Posts Tagged ‘comic novels’

Stella Gibbons: Cold Comfort Farm

November 10, 2022

    Apparently this novel is regarded as a minor classic of comedy writing. It reminded me at times of The Diary of Nobody and Three Men in A Boat without being as funny as either, and also being as dated as both of those are. It is also, therefore, quintessentially English. Gibbons writes well; the language is fluent and literate and undoubtedly contributes a good deal to what comic effect there is. The London scenes are light, witty and often amusing, the country ones – ie the majority – not so much.

A little research informed me that the work is a parody of a genre of English fiction that was very popular at the time; I was very glad I’d never had to read any of it. Sub-Lawrencian adulation of the virtues of rural folk, squared, by the sound of it.

The satire of the well-heeled aristos and London in-crowd is light-hearted and humorous, not hurtful; the mockery of the rural communities is more leaden, even gratuitously offensive at times; cruel, heavy-handed and not particularly funny to this reader at least. Too many silly nonce-words and too much piss-taking of rural accents and modes of speech. I persevered, for it was relatively short, and easy to read, but there were times it felt tiresome more than anything else. Only one sentence had me laughing out loud: “It was quite interesting, like having tea with a rhinoceros.” Yes, you probably need the context…

I feel a bit churlish, as I really enjoy good comic writing. I don’t mind having read it and won’t ever read it again. The 1995 TV version looks interesting from the casting point of view so I wouldn’t mind watching it one day when I was bored. But John Kennedy Toole it ain’t…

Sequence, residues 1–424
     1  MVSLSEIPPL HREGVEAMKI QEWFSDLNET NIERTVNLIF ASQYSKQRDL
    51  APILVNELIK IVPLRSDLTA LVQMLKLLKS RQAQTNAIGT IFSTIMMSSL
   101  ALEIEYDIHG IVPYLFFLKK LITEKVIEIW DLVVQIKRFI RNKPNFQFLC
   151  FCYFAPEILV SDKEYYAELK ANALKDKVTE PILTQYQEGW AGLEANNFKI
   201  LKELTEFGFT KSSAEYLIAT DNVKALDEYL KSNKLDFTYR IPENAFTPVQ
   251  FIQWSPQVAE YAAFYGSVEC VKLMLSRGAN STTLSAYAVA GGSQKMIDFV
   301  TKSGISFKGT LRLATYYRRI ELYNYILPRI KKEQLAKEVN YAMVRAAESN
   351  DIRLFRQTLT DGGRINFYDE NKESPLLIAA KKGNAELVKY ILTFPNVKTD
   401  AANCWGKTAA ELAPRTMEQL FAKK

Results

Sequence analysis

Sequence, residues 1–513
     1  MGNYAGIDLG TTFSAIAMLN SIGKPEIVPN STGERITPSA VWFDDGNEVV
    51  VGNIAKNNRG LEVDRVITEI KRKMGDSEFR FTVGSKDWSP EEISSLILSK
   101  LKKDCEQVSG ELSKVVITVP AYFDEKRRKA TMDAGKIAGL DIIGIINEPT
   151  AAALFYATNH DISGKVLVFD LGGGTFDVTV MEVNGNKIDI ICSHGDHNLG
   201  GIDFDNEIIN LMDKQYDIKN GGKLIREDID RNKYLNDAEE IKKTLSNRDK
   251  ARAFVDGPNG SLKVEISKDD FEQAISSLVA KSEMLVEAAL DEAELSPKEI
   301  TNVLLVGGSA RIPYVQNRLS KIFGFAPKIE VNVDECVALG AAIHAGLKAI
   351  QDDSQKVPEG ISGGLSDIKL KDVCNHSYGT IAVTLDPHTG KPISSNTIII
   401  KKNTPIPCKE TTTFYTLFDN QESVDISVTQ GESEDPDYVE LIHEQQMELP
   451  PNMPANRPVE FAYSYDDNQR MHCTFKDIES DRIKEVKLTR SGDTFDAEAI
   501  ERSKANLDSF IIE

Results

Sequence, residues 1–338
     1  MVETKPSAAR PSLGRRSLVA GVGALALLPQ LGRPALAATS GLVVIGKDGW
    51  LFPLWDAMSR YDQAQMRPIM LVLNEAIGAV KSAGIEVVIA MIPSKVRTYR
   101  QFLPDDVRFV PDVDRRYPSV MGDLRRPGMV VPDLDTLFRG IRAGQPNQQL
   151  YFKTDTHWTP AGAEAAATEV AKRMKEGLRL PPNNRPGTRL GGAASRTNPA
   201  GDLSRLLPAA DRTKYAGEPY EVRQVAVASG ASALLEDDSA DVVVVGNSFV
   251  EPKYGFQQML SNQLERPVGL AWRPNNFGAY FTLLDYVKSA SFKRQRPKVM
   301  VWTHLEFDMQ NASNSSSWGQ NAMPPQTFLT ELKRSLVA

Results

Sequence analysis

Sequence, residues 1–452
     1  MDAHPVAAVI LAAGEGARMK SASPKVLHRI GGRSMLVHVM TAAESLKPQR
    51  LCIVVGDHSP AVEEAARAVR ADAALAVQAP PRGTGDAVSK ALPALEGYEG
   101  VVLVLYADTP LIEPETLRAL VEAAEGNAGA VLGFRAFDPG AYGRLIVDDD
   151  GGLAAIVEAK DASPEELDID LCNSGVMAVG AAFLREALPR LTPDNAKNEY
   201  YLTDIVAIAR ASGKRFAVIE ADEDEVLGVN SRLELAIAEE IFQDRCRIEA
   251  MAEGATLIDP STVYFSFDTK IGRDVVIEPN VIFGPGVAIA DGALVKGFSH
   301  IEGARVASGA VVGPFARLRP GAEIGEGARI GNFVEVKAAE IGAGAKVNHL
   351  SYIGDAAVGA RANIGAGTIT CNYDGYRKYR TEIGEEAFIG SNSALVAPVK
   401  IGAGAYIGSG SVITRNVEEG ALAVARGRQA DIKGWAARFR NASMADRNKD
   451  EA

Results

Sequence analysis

August favourites #11: Comic novels

August 11, 2018

51VdgF+uEDL._AC_US218_516u8jzrppL._AC_US218_There are two novels which I’ll name equally here; having re-read them a number of times, both still have me laughing out loud, uncontrollably at times – though those who know me will acknowledge that isn’t actually that hard to achieve – Jaroslav Hasek’s amazing comic novel The Good Soldier Svejk, set in the Great War on the Eastern Front, with a congenital idiot as its hero, and A Confederacy of Dunces, by John Kennedy Toole, again featuring a buffoon, who brings chaos in his wake wherever he goes and whatever he attempts. It’s also very sad that Toole took his own life, having failed to find a publisher for his manuscript, which then went on to become a cult classic.

I’m doing something different for the holiday month of August, writing about some of my favourites: poems, plays, music, art and other things, a short piece on a different topic each day. The categories are random, as are the choices within them, meaning that’s my favourite that day, and is subject to change… And I will try and explain why each choice is special for me. As always, I look forward to your comments.

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